Ron and Julie performed at the Belly Up Tavern in Solana Beach, and three USO shows in the area. Ron did impersonations as part of the act. Things were going well professionally for him, but Ron wasn’t without his issues. He was sitting alone in the home studio, looking off into space when his mother leaned in, “Are you feeling alright?”
It took Ron a few seconds to return to reality, “I was just daydreaming.”
Ron asked, “Why would you say that?”
Ron knew that he might be able to fool everybody else, but not his mother. “Do you think anybody else has noticed?”
“Probably not, so what’s your plan?” Rene asked.
“Don’t have one. We’ve got a good friendship and I don’t want to ruin it,” Ron said.
“You probably also thought that if you did say something about how you felt you wouldn’t know for sure if she was just expressing gratitude or affection.”
“Aw hell, Mom. I never even thought of that,” Ron slapped his head.
Rene encouraged her son, “In situations like this, there always come a moment of truth…just be patient. I can’t tell you when or how it will come about, but you’ll know it. In fact, the feeling will be so strong that you’ll have no choice, but to tell Julie. One harsh lesson that you will learn in life is just because you care about somebody, it doesn’t obligate them to care about you. If she gives you the opportunity to be truthful about your feelings, then take it. But if you do, then find the inner strength to accept her truth…even if hurts like hell.”
Ron thought for a moment, “I can’t figure out if that was a pep talk or a warning.”
Rene kissed her son on the forehead, “A little of both, and a little mother to son facts of life talk, thrown in for good measure.”
Ron told his sister and agent, “For the time being, I need to work more on my singing.”
Katie and Trevor warned Ron that passing up on commercials and animated film jobs would be a serious mistake. Ron finally relented, “Okay, I’ll do both.”
There was a crisis in the Middle East and air units from the Air Force, Navy, Army and Marine Corps were called up to deal with the threat. VMM-263 was one of the flight squadrons that was deployed to Kuwait.
After the Iranian Republican Guard was soundly defeated and mop-up operations were almost completed, American units began returning stateside. Colonel Rocklin called his wife to let her know about his status, “We’re trying to make sure that all squadron personnel are out of here by mid-December, so they can be home by Christmas. I’m going to be one of the last to leave. My flight departs on the 28th. Sorry about that.”
Rene said cheerfully, “No problem, we’ll just celebrate Christmas and New Year’s on the same day. It will be more efficient that way.”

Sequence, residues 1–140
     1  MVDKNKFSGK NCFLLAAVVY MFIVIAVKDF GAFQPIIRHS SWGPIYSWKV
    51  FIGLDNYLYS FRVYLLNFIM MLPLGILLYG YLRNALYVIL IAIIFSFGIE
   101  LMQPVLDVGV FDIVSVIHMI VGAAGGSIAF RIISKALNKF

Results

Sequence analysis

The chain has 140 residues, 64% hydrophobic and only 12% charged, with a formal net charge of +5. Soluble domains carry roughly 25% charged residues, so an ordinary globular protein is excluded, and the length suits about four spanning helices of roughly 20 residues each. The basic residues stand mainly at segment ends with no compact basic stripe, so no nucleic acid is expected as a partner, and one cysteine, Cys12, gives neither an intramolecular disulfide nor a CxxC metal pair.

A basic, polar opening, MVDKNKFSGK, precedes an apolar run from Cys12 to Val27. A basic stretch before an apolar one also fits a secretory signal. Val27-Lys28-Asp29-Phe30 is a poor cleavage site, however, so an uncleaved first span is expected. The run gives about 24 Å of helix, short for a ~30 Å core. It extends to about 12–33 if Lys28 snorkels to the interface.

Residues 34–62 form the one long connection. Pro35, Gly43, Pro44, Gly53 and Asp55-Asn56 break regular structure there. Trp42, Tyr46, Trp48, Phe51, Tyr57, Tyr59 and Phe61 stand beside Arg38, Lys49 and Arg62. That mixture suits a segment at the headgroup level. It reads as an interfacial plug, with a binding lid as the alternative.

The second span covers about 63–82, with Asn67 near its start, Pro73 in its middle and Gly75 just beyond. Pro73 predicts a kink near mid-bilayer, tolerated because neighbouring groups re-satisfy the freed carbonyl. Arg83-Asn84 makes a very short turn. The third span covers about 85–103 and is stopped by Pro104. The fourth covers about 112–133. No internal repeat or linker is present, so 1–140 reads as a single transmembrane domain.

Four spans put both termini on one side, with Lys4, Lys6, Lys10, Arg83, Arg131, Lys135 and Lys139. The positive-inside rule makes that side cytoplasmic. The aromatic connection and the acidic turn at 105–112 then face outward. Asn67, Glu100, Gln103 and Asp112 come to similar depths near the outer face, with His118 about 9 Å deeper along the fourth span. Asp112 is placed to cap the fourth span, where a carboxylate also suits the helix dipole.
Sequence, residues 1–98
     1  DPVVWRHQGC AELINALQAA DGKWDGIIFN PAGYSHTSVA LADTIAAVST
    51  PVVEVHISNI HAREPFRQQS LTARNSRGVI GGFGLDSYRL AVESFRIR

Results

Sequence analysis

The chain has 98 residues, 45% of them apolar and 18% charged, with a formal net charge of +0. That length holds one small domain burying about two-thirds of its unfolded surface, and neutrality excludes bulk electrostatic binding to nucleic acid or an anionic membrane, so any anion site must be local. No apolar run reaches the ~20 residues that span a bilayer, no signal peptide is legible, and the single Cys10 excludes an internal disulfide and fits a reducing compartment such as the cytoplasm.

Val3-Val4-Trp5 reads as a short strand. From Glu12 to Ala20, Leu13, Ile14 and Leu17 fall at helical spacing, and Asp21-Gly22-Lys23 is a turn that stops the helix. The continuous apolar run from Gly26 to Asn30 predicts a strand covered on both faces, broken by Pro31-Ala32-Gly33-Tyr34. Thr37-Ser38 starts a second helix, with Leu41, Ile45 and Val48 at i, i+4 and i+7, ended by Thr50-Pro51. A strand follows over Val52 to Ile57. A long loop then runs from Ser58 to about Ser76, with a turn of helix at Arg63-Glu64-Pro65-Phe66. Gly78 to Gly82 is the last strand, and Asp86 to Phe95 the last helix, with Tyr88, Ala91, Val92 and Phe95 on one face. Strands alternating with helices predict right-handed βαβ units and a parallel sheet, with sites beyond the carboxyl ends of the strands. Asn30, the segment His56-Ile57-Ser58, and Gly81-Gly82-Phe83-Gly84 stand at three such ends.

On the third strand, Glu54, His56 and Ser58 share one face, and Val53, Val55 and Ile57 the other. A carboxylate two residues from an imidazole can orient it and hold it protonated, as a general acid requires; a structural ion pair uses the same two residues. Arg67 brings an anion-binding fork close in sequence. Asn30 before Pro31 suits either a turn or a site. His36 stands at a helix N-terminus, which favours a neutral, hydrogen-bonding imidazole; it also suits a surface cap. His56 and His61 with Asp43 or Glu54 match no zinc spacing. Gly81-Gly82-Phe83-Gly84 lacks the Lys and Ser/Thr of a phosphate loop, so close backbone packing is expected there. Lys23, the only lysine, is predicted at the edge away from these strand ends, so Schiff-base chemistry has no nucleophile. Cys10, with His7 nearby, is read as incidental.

“I can always count on you to turn a negative into a positive,” Colonel Rocklin said, “I better get to work, I need to make sure that everything is ready to ship home…love you.”
“Love you too, keep me posted,” Rene said.
Rene disconnected with her husband and contacted her three children, “I need to see you.”
While Katie, Travis and Ron were sitting in the kitchen, Rene said, “I want to put together a New Year’s Party for your dad and the squadron. Will you help me?”
Katie said, “Whatever I can do,”
Travis then chimed in, “Count me in too.
“It’s unanimous then,” Ron said.
Billie Joe Longworth, Ross Swallwell, Freddy Garson and Ted Dugan met in Folsom Prison and reconnected when they were released from confinement. They organized into a gang and specialized in home invasion robberies. They had a large gray van and changed the lettering on it on a regular basis to divert suspicion. They also used a plain looking brown Ford Sedan in their endeavors. With two individuals in each vehicle, they scouted targets of opportunities in upper class neighborhoods throughout Nevada and Southern California.
They were efficient and ruthless and often beat their victims after robbing them, just for the pleasure of it. They would rent public storage in whatever city they were at and when their storage unit was full, they would move on. They usually came back two months later when the heat cooled down and took their loot to a large warehouse in Otay Mesa, where an international fence would buy their booty for 15 cents on the dollar. He, in turn, would either ship the products to discount stores throughout Mexico and the Southwest or sell the high end items to individual buyers.
The Christmas season had been good to them and they had already robbed homes in Poway, Rancho Bernardo and Escondido in San Diego County. They were cruising the side streets that intersected Pacific Coast Highway near Tamarack Avenue, and made a note of two residences in Carlsbad that looked especially inviting. From there, they sets their sights to Oceanside.
Back at the Rocklin home, Katie told her mom, “I’ve called every place in the area and they were all booked up for New Year’s Eve.”
“Some of the parties were reserved months ago,” Travis added.
Rene said, “That’s disappointing,”
“Well, we have another option,” Ron said.
“Don’t keep me in suspense,” Rene said.
“A party rental company. We can get a large tent, tables, chairs and outside heaters. They will furnish everything we need, and give us a military discount.” Katie added, “We can even put Christmas trees inside the tent, with presents and combine both holidays like you wanted.”
Ron said, “We can put it in the cul de sac. I’ve already checked with the neighbors and the police. Since it’s for Marines coming home…they are fine with it.”
“Let’s do it!” Rene exclaimed.
With the help of the rest of the squadron families, things came together in a hurry. Many people brought presents and placed them under a half dozen Christmas trees inside the tent. Decorations were placed around the entire area.
Not far away, the home invasion gang turned down Via Del Corona, the street that the Rocklin family lived on. They saw the large tent and the upper middle-class neighborhood and their eyes lit up in anticipation. They saw a lady walking down the sidewalk and Billie Joe called out, “What is happening?”